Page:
I was looking at the oxoglutarate dehydrogenase complex and saw the reaction mechanism for its E1-TPP mechanism, which results in the formation of a stabilized carbanion intermediate.

The mechanism begins with a protonation, but since the "goal" of the enzyme is to form the carbanion intermediate, it seems to me that the decarboxylation is the key part of the reaction. So why is this a dehydrogenase-catalyzed reaction and not a decarboxylase-catalyzed one?


I'm new to citric acid cycle and I'm judging this question based on my previous knowledge of biochemistry and organic chemistry. I've looked into several protein databases and shockingly it seems oxoglutarate dehydrogenase is the correct name for it.( See :Uniprot , PDB 1 , PDB 2 ) Although the nomenclature of biological enzymes sometimes does not sound right to me , I believe this naming is appropriate for this molecule. First take a look at these definitions:

(Definitions from Oxford Languages / Google)

Dehydrogenase : an enzyme that catalyses the removal of hydrogen atoms from a particular molecule, particularly in the electron transport chain reactions of cell respiration in conjunction with the coenzymes NAD and FAD.


Dehydrogenase (also called DH or DHase in the literature) is an enzyme belonging to the group of oxidoreductases that oxidizes a substrate by reducing an electron acceptor, usually NAD+/NADP+ or a flavin coenzyme such as FAD or FMN.


Decarboxylation is a chemical reaction that removes a carboxyl group and releases carbon dioxide (CO2). Usually, decarboxylation refers to a reaction of carboxylic acids, removing a carbon atom from a carbon chain

Here is why the usage of "decarboxylase" in the name of the enzyme is incorrect :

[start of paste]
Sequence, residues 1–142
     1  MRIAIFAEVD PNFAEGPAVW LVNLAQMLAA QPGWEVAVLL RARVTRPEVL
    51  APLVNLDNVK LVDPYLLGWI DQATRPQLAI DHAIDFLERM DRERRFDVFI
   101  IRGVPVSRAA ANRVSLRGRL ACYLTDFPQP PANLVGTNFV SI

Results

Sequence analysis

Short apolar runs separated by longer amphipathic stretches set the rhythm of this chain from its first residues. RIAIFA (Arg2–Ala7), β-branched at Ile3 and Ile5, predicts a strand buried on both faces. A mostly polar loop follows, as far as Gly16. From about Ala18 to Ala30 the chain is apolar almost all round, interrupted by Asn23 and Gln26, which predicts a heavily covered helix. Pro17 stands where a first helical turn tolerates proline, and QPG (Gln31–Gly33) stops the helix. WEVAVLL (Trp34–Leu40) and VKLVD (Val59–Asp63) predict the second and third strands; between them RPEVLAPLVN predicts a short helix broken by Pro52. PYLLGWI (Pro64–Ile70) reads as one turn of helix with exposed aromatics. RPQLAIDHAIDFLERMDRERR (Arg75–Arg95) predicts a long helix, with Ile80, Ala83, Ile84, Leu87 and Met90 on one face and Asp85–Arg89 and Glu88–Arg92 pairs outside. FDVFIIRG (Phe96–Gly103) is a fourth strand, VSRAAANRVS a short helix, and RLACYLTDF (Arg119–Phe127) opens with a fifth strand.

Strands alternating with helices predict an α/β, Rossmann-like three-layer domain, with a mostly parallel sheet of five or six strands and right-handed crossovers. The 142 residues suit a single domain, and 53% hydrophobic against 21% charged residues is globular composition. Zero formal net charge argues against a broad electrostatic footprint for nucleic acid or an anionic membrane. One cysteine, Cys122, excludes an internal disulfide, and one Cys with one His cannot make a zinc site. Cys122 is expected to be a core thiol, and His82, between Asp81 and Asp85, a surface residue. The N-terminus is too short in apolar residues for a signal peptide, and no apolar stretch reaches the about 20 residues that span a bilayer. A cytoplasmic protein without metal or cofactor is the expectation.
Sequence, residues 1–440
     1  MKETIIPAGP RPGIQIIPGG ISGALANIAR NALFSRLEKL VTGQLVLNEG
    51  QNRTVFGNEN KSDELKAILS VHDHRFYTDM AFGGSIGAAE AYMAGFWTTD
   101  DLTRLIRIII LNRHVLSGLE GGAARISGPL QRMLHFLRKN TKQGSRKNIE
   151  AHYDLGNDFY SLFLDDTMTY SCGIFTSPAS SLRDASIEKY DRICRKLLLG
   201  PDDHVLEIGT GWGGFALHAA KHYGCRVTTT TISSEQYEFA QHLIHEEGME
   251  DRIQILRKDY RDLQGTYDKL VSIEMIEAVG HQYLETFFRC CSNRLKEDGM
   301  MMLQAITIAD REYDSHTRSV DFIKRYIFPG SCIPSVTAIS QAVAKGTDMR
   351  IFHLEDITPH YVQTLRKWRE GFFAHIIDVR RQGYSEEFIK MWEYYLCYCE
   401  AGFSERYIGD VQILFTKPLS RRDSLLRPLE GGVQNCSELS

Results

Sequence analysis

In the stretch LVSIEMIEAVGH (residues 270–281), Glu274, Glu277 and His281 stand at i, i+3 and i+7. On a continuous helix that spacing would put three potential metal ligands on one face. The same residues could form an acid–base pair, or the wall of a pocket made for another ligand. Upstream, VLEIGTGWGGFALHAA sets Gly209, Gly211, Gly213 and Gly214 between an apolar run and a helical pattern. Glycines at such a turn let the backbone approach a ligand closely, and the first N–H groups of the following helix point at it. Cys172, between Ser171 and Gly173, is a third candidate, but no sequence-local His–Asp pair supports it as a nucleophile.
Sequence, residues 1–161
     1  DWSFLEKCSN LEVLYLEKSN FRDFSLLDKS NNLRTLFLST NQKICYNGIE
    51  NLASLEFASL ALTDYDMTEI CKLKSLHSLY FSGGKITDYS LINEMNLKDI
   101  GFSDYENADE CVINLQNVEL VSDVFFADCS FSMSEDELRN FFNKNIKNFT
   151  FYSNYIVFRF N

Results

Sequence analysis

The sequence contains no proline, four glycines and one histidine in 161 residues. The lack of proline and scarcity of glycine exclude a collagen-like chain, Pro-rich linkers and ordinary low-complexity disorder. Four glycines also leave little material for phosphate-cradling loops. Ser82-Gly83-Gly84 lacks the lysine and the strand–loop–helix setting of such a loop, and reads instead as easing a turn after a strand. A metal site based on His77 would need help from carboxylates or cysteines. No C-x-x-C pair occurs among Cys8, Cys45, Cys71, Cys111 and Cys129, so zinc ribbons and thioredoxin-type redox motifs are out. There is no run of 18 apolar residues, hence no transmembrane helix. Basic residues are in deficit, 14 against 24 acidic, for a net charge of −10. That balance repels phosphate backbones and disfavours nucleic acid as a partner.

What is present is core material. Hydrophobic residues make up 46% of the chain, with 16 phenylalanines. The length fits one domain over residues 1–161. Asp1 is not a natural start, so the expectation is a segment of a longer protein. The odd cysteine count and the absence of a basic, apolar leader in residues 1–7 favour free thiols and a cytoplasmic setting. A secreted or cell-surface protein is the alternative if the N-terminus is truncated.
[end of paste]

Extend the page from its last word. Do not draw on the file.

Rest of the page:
Recall amylase (Amylase-Wiki) . That enzyme consumes amylose as substrate and produces maltose out of it. It sounds weird if one calls it "Demaltase" just because it gives out maltose. Instead, in this case , consumption of amylose plays a more important role in digestion.

According to above definitions , the "goal" here is simply the movement of H+ and the electron to FAD (to generate FADH2) and then to NAD+ (To generate NADH), Not the removal of CO2. That is just a by-product resulting from the mechanism. see :Reaction

Here's why the usage of "dehydrogenase" in the name of the enzyme is correct : Take a look at this Edited Reaction . The whole process involves the movement of one proton from thiamindiphosphate and one from CoA-SH and also 2 electrons from two S-H bonds (I've traced the Hydrogens for you. Trace the electrons yourself ! :) ) Recall the concepts of carbonyl functional group from organic chemistry. One way to perform any reactions on carbonyls is to use an acidic catalysis which is most of the times H+ resulted from H2SO4 or HCl.Take a look at this. Also see Morrison-boyd organic chemistry or Vollhardt's This H+ Activates the carbonyl functional group , allowing it to participate in nucleophilic substitution more easily. The addition of H+ to Carbonyl oxygen is reversible and thus it is important to optimize this equilibrium. The indicated enzyme operates on this equilibruim to gain the maximum yeild. Plus it may induce TPP to lose a H+ . These two processes (the removal of H+ from TPP and the addition of H+ to oxogultarate ) can not be done with the help of the enzyme , hence the name Dehydrogenase for the enzyme.

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    $\begingroup$ Your first mention of dehydrogenase is missing the de. $\endgroup$ – Polypipe Wrangler Nov 13 '20 at 3:07
  • $\begingroup$ @Polypipe Wrangler , Thank you for that . Actually the title of question is missing the de too! $\endgroup$ – Sam Nov 13 '20 at 7:32

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